Club controversy, new senators sworn in


Senators at Large getting sworn in at Monday nights Students’ Association meeting. Pictured from left to right is Lindsay Condon, Esther Illunga, Carter Howell, Claire Koenecke, Asledi Castillo, Kate Pfeifle, Hallie Kueter, Olivia Schazenbach and Grady O’Neill.

Jacob Boyko, News Editor

A proposed student organization’s constitution was postponed indefinitely at the Students’ Association Senate meeting Monday night, with the club members told to try again next year. 

As is standard for the constitutional approval process, the club’s president Princess Baygboe and vice president Elizabeth Galera explained the mission of their club, SELF, or Success Encouragement Love Future, to the Senate. 

“The purpose of our club, SELF, is to build a community where people can be themselves and grow…” Baygboe said to the Senate. 

The club has held meetings focusing on topics ranging from accountability and planning to relieving stress. 

According to club leadership, SELF is made up of current and former Black Student Alliance members, some of whom expressed disapproval for the ways they were treated within BSA by members.

Adonai Ghebrekidan, former president of the BSA, encouraged senators to vote against the constitution at the April 3 SA meeting. 

“Members in this organization have already caused a lot of conflict with our organization, especially in the [Multi-Cultural Center],” Ghebrekidan said. “It would be a mistake to recognize [SELF] as an organization on this campus.”

According to Ghebrekidan, meetings for SELF take place at the same time and place as BSA meetings. 

“When we tried to end the conflict by reporting it to our adviser that [SELF] was having meetings in a room that we also have rented out as an organization, our adviser went up to them … and informed them they were not a recognized student organization … He then received a ton of nasty … remarks saying ‘I pay my [general activity fee] funding, you can’t tell me what to do.”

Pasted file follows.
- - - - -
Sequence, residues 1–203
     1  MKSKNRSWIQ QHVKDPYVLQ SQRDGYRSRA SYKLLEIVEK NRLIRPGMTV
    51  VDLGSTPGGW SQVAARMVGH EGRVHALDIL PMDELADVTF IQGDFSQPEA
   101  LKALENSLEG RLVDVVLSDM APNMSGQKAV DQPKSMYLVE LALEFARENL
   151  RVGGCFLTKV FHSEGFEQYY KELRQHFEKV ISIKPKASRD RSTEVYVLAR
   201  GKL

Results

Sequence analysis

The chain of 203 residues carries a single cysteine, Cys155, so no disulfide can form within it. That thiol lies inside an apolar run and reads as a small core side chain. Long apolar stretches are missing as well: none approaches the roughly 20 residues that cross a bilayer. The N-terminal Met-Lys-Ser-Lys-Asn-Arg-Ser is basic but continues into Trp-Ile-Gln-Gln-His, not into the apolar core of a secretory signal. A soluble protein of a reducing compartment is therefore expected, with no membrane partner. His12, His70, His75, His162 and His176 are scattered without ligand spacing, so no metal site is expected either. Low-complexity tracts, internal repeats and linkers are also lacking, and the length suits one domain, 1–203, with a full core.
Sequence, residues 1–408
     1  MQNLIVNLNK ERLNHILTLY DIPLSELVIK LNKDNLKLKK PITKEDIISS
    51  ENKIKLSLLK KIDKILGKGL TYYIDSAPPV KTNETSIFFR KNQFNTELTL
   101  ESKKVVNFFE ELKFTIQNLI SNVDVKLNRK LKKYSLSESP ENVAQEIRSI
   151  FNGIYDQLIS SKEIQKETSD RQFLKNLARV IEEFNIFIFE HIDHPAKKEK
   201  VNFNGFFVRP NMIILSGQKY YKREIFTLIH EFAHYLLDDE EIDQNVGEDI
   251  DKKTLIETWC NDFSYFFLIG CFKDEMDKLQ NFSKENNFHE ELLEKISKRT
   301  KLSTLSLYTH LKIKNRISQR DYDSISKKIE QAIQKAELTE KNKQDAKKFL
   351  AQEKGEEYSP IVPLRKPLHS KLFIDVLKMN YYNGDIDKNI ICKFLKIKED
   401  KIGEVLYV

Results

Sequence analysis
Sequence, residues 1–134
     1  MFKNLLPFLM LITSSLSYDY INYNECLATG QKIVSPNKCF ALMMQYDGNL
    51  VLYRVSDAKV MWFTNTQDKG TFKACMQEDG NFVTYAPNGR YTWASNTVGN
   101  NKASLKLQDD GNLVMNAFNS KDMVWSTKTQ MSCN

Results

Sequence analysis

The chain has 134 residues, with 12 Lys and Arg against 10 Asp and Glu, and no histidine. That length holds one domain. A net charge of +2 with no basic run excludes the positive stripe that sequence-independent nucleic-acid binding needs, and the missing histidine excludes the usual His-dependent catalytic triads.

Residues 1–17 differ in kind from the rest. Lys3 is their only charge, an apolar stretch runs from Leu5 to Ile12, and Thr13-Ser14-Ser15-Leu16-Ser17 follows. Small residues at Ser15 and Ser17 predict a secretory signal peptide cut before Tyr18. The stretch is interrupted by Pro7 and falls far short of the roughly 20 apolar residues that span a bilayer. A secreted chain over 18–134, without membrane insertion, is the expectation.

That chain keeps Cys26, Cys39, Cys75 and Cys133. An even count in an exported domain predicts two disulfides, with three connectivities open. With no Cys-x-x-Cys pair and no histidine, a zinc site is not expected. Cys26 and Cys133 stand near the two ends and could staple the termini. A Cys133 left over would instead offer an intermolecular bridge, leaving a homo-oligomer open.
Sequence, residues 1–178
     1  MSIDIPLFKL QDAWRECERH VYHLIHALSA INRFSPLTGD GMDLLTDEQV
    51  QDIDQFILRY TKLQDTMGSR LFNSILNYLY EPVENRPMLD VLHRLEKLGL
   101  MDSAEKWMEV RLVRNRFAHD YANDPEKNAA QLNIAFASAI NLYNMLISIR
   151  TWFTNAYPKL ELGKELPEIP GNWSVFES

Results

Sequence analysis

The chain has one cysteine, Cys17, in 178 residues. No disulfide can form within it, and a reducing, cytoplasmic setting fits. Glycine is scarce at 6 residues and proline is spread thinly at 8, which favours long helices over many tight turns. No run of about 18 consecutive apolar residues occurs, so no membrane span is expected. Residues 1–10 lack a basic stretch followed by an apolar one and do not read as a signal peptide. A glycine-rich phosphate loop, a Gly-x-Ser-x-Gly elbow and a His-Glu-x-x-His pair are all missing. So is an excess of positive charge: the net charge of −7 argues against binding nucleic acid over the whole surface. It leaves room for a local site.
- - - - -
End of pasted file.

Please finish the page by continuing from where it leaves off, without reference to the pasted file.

SELF explained the unofficial club needed a place to meet, but couldn’t reserve anywhere yet, and that their members had the time slot open because so many were previously affiliated with BSA. 

Ghebrekidan also told the Senate SELF was not allowing BSA members to join the club. 

“We’re college students, not middle schoolers,” Diversity Chair Asledi Castillo said. “Drama and hatred toward others are [unacceptable] to me and anyone at [the executive team’s] table. This club would have my complete support and attendance if its constitution were properly written, if they could answer emails more frequently or attend meetings, and if there was no discrimination against other groups.”

Castillo told the SELF members to try again next year “with a more concrete ethical foundation.” 

The Senate did not comment or ask questions specifically pertaining to the constitution. 

Galera was unable to respond until Sen. Tyler Rasmussen yielded time for her.  

Galera said the relationship between BSA and SELF was mischaracterized and the organizations coexisted initially. SELF also confirmed that some members of SELF are actively involved in BSA.

“I have no hatred for BSA,” she said. “They pushed for me to leave … Apart from that, after I left, they asked me for my help with regards to an event … Members of SELF also participated in helping the event go down after they left.”

Baygboe and Galera told The Collegian the Senate did not approach them about BSA’s claims before the Senate meeting. 

“I don’t feel like [the club] was fairly treated because I feel like instead of actually coming to us with these assumptions, they just went off of what everyone else said,” Galera said. 

Vice President Trinity Peterson encouraged the Senate to indefinitely postpone the club’s constitution. 

“There’s a lot of things clearly going on,” Sen. Rasmussen said of the motion. “I think rather than kill the motion, we postpone it for a week and have the [executive board and SELF] meet with a secondary person, whether it be one of our personal advisers, somebody within the administration, Vice President (of Student Affairs Michaela) Willis—whoever we feel would be unbiased—meet and figure out where the issue is.” 

Senator Rasmussen was the only senator who voted against killing the constitution. 

The Collegian is investigating the matter and will provide updates as they’re available. 

The Senate unanimously approved constitutions for the Christian Veterinary Fellowship and Men’s Soccer Club the same night. 

The Senate also passed two new amendments. 23-1-A updates SA Finance Committee’s confidentiality rules. The amendment states violations of the confidentiality will be grounds for removal. 

Amendment 23-2-A allows senators to wear buttons, but not excessively, within 50 feet of  and requires campaign polling stations expenditures to be made available to the Election Steering Committee chair within five days of the election and made available to the public within six days. 

President Grote also swore in the 2023-2024 Senators at Large.